Duane Buck has long argued that a Harris County jury sentenced him
to death by lethal injection partly because of racial prejudice after a
psychologist called by his own attorney testified that Buck was more
likely to commit more violent crimes because he is black. Earlier this
year the U.S. Supreme Court agreed with him, and ordered a new
And now that sentence has been handed down.
who was worried that Buck would somehow get off the hook can calm down.
Buck, already convicted of two murders, is no longer slated for
execution, but at the same time, he is unlikely ever to be freed from
On Tuesday, Buck appeared in a Harris County courtroom
and pleaded guilty to two additional counts of attempted murder. In
exchange, Harris County District Attorney Kim Ogg agreed not to pursue
the death penalty against Buck. He has now been sentenced to life in
prison along with two 60-year terms that he will serve concurrently.
reviewing the evidence and the law, I have concluded that, twenty-two
years after his conviction, a Harris County jury would likely not return
another death penalty conviction in a case that has forever been
tainted by the indelible specter of race,” Ogg said in a statement.
“Accordingly, in consideration for Buck pleading guilty to two
additional counts of attempted murder, we have chosen not to pursue the
This comes more than 20 years after Buck murdered
two people in Houston and tried to kill two more. In July 1995, he
killed his former girlfriend, Debra Gardner, and Kenneth Butler, his
stepsister's new boyfriend. Buck wounded his stepsister, Phyllis Taylor,
and Harold Ebeneezer, another man at the scene of the shootings.
was easily convicted when he stood trial for capital murder two years
later. The only question was whether he would be sentenced to death or
life in prison for his crimes. That was where things went awry.
then, Texas juries could impose the death penalty only if it was found,
unanimously and beyond a reasonable doubt, that there was "a
probability that the defendant would commit criminal acts of violence
that would constitute a continuing threat to society." Even with this
requirement, prosecutors were making a good case against Buck, using
witnesses to highlight his apparent lack of remorse and getting people
from his life to recount stories that demonstrated that the violence in
July 1995 was not out of character for Buck.
then Buck's defense counsel, Jerry Guerinot, a lawyer who was already
on his way to racking up a substantial record for losing death penalty
cases, called Walter Quijano as an "expert" witness. Guerinot asked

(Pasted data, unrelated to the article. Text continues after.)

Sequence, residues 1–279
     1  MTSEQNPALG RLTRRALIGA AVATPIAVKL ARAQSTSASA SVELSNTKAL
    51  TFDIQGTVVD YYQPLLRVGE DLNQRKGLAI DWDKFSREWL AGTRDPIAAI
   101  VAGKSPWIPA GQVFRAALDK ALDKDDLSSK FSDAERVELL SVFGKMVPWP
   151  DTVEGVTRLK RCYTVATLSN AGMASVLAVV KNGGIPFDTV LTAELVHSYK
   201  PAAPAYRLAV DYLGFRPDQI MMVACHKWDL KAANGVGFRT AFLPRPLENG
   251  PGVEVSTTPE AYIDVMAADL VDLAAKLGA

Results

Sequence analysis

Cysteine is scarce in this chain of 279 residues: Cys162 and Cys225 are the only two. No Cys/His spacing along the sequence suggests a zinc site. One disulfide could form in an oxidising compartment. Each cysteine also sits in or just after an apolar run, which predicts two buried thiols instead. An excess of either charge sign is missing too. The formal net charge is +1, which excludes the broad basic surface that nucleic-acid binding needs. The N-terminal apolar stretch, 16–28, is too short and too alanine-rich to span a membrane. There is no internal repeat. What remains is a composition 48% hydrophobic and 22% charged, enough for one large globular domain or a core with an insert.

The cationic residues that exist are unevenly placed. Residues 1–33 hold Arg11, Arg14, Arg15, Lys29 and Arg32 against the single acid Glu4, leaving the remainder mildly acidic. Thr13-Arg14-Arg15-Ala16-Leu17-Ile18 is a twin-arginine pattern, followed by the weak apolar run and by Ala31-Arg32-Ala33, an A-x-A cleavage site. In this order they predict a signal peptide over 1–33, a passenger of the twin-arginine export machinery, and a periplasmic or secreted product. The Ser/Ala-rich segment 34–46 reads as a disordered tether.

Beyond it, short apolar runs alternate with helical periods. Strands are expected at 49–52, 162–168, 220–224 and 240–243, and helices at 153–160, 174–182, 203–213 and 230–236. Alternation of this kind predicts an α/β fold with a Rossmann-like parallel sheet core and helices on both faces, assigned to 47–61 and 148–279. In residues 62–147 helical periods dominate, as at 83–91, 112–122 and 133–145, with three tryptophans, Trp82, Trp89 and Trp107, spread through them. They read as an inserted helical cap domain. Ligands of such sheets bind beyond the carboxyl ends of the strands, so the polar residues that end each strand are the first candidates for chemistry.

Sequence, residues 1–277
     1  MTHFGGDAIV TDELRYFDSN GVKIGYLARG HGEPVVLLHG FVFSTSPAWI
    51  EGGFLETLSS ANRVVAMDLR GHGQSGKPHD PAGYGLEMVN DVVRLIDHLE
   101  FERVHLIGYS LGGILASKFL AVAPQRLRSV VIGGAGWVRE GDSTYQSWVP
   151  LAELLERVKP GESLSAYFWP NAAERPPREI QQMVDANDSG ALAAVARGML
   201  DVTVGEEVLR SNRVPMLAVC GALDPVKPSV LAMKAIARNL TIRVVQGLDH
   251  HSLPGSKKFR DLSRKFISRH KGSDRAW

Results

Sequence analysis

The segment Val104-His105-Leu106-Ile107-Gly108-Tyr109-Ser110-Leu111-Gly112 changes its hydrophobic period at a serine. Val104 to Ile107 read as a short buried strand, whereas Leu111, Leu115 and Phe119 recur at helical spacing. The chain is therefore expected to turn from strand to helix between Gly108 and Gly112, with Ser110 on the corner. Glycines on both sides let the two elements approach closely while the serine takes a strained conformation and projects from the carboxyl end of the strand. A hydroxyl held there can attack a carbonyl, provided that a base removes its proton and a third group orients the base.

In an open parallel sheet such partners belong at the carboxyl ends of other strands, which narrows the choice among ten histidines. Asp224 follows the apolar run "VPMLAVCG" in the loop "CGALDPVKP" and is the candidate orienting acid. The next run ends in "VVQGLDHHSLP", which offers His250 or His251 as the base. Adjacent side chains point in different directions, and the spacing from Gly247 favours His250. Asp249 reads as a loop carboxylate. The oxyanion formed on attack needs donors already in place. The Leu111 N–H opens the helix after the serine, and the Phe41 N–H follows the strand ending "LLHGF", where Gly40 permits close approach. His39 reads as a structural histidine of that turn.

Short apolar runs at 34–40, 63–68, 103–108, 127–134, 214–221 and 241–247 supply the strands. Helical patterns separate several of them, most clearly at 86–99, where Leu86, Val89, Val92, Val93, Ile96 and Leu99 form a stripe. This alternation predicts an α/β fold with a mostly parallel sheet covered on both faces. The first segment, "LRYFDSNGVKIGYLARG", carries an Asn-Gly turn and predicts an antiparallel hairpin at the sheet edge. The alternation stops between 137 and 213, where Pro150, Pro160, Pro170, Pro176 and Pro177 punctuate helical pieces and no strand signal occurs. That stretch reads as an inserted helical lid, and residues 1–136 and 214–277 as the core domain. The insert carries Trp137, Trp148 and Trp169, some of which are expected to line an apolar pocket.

Quijano — who has since been found to have given problematic testimony
promoting racial bias in numerous cases over the years — how the jury
should judge whether Buck would be a future menace to society.
a sad commentary that minorities, Hispanics and black people, are
overrepresented in the criminal justice system,” Quijano replied.
prosecutors used Quijano's testimony to argue that Buck deserved the
death penalty, which gave the jury enough to support sentencing Buck to
death via lethal injection.
Just three years later, in 2000,
then-Texas Attorney General John Cornyn acknowledged that seven people,
including Buck, who had been sentenced to death based on Quijano's
racist testimony had been denied their constitutional right to be judged
without any regard to the color of their skin. Cornyn said the state
AG's office would review the sentencing hearings for these defendants.
in 2002, the AG's office, with now-Governor Greg Abbott at the helm,
decided Buck should not have another hearing since, unlike in the other
cases, his own attorney had called Quijano to the stand.
From there, his case bounced through the court system repeatedly,
landing three times before the U.S. Fifth Circuit Court of Appeals
Finally, the U.S. Supreme Court took up Buck's case,
finding in February that Buck needed to have a new sentencing, according
to the decision penned by Chief Justice John Roberts, who described
Buck's case as "a perfect storm." Roberts noted that Quijano's
testimony, "which itself coincided precisely with the central question
at sentencing," created an "unusual confluence of factors to provide
support for making a decision on life or death on the basis of race."
So now Buck has been given a new sentence.
will now be eligible for parole in 2035, although he'll go before the
parole board for prior convictions for capital murder, two counts of
attempted murder, delivery of cocaine and possession of cocaine. David
Dow, a law professor at the University of Houston who specializes in
death penalty cases, says that with the two counts of attempted murder
added to Buck's other convictions, there's "almost zero chance" that
Buck will ever be released on parole.
factor must have made this deal appealing to Ogg, since it means that
there's no risk of having to put the case before a jury. (Just imagine
the outrage that could be generated if Buck were either re-sentenced to
death or to life in prison.)
So now, the whole ugly situation of
potentially executing a man who was unfairly sentenced to death has been
neatly put away, barring some freakish situation where he is ultimately
“The facts of Duane Buck’s heinous crimes are not in
dispute. He was a habitual felon who, in a fit of rage, murdered two
people and tried to murder two more,” Ogg said. “There is no apology or
good will or good time that can substitute for the justice of spending
his life behind bars in payment for lives he took. However, this case
can accomplish something. It can close a chapter in the history of our
courts, in that they will never again hear that race is relevant to
criminal justice or to the determination of whether a man will live or
die. Race is not and never has been evidence.”